The analysis of all the key stakeholders often commence with the owners and/or owners representatives then the customers and not forgetting the staff and business partners. On one occasion an organisation failed to recognise a particular “customer group” only to find they represented over 25% of the business and contributed much more than 25% of the profit. If they had been doing strategic planning and analysed the customer needs this would have been identified much earlier and built into the strategies. The analysis of the stakeholders and competitors is also critical in identifying the organisations core business which may be changing or in the case above the customer grouping was changing rapidly. It is not unusual to find massive change in the core business such as from manufacturing to importation of a product range which we have seen happen in a number of industries in Australia in recent years.

The Corporate Statements

Corporate statements like Vision, Mission and Values are often found at the start of the Strategic Planning or Road Map production agenda. Maxumise believes that the Corporate Statements start with identifying the Core Business or in NGO’s it is often referred to as Core Purpose. The organisation must understand what the stakeholder needs are and how we will measure the success of the delivery of the core business before we even think about Vision and Mission. Once the current and future business is understood then develop the Vision and Mission to reflect the organisation and any changes that may be evolving.

Performance Framework and Corporate Measures – foundation for empowerment

The critical element in any organisation is understanding how they will measure the success of the organisation “at the top”, especially where we are accountable to owners. Having said this it is as important for government entities and NGO’s to have the corporate measures to enable them to complete the Good Governance model.

While we hear about inverted organisation and bottom up driven organisations it is essential that the overall direction is driven from top whether the owner, a Board, the Minister in government and these people are also measured against the corporate performance measures. While some of the corporate measure will be unique to say the Board others will be shared with the CEO/President etc. Whatever these financial and non-financial measures are they need to be quantitative and if an envelope of measures are established the performance management system will empower the employees whether the CEO or the driver.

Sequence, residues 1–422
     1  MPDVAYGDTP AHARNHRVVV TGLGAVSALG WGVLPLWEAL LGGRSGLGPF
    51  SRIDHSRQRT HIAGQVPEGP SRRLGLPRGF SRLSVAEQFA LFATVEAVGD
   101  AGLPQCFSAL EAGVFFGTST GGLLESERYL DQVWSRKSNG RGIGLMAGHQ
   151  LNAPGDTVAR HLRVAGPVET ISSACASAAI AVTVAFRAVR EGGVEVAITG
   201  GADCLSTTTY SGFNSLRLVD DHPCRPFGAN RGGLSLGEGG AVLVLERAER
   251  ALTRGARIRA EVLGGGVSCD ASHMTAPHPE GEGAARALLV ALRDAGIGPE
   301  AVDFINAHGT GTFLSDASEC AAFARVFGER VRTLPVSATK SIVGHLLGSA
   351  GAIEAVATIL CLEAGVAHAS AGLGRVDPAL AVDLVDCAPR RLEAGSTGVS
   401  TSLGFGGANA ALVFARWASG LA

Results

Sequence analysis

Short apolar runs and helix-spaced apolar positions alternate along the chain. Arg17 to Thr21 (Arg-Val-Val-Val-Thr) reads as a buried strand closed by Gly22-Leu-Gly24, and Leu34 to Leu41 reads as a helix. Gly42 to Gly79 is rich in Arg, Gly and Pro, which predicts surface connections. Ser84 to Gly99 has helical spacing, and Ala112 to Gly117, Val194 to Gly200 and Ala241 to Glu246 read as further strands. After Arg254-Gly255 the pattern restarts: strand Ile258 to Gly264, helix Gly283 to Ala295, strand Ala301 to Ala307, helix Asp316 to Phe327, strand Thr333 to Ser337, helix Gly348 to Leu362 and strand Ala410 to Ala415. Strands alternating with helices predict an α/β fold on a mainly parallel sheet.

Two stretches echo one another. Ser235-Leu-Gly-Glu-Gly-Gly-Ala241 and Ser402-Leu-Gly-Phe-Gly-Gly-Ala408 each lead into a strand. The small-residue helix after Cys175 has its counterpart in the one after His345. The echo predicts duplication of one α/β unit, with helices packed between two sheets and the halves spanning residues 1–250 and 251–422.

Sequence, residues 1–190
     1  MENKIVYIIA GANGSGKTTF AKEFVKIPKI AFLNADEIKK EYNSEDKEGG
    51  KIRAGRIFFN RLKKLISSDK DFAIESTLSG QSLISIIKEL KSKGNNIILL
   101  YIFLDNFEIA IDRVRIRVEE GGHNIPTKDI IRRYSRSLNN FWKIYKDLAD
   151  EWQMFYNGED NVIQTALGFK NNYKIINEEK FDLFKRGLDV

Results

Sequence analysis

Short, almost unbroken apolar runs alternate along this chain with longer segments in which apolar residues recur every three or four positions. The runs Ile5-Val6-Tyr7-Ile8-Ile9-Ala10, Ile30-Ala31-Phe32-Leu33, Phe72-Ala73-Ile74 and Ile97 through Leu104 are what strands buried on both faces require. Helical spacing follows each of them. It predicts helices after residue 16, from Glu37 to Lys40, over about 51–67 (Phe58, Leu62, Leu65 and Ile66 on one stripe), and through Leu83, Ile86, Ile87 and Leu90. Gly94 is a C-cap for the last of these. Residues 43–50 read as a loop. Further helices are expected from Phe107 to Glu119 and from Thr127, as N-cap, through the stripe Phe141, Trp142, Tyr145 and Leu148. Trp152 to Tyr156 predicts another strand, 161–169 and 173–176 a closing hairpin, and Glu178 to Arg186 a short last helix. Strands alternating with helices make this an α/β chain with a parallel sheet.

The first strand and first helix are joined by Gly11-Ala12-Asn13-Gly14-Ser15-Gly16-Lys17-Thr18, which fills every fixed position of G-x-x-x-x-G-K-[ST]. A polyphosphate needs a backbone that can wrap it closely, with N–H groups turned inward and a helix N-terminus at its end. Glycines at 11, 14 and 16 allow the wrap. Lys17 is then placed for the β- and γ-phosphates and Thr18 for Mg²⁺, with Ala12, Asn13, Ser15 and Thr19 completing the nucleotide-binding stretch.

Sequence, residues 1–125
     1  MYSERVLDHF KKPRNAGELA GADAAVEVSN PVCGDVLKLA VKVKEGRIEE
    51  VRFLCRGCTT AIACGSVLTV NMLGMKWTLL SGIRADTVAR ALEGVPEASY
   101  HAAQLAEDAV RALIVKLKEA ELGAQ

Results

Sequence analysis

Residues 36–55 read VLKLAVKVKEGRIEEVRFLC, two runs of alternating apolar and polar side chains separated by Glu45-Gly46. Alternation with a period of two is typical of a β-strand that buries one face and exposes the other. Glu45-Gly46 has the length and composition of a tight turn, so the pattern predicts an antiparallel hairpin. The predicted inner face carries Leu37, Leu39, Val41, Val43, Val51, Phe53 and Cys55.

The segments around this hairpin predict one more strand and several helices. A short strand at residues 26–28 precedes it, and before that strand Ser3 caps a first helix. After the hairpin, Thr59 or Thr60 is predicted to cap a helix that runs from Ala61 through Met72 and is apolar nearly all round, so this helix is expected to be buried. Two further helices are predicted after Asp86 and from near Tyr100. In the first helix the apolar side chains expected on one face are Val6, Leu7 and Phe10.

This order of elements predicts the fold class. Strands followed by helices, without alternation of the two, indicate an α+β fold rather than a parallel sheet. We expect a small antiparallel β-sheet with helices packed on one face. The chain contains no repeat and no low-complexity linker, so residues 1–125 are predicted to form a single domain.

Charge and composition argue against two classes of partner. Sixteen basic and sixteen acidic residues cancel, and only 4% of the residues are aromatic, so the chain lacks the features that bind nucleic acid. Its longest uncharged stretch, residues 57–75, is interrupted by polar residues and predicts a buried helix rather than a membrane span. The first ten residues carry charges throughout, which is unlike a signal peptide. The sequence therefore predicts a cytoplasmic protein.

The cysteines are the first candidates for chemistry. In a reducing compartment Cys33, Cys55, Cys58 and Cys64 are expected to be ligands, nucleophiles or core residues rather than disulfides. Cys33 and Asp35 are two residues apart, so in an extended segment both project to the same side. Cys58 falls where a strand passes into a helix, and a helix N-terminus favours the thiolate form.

The Maxumise software (HRmonise) builds the performance measures into the position descriptions. We strongly recommend that the reporting against the measure utilises predictive modelling. This allows reporting to be driven by the employee/manager and focussing on correction of the shortfalls and capitalisation on achievements where these are above expectation. The organisation becomes bottom-up driven if we empower the employees through the quantitative performance management system that originated from the strategic plan corporate framework and measures.

Performance Based Strategies and Action Plans

Organisations can easily fall into the conservative generic growth especially in these times of uncertainty and risk. This growth is often not in alignment with the economic and/or social growth. The steps in preparing for the strategic planning is to analyse the historical performance, including the comparison against indicators. These historical performance trend lines also give us the “steady as we go” line and in some cases these lines are probably trending in the wrong direction. The performance based strategies and corresponding action plans represent the difference between the trend line projections and where we really want to be. If these strategies and action plans cannot achieve the required performance then we may have the projections wrong and will need to modify all or part of the 5 or 10 year projections but this is achieved as part of the process and before the Strategic Plan is completed. Where we have a negative trend line it is necessary to “bottom out” before we get the desired growth so the strategies need to take this into account. In other cases it is capacity that has restricted the expected growth and this may be corrected through a CAPEX that is itself likely to be a corporate measure like Return on Assets or Shareholder Funds. Most strategies will, like the CAPEX example, impact on multiple facets of the business like an increased throughput may be resolved for example, through technology CAPEX which in turn may impact on the type of positions we need as compared to what we have or even a downsizing.

Developing the performance based strategies is a key step in the Strategic Planning process as it firstly it tests and verifies the projections and secondly it defines what needs to be done to ensure the targets are achieved.

No good setting a strategic direction if we do not have the capabilities required to deliver

Many examples exist where the capabilities required do not match the capabilities in house or available through outsourcing or contracts. In a number of cases in the past the technology changes took place first and then we looked for competent people. The media industry experienced this in the electronic television and radio sectors with the move from analogue to digital equipment and from terrestrial to satellite transmission. Pity the print media did not watch the mistakes made by their counterparts. In reality the conversion from analogue technicians to the computer driven digital era involved 2 to 3 years internal development and about 30% to 40% of the staff could make the transition successfully.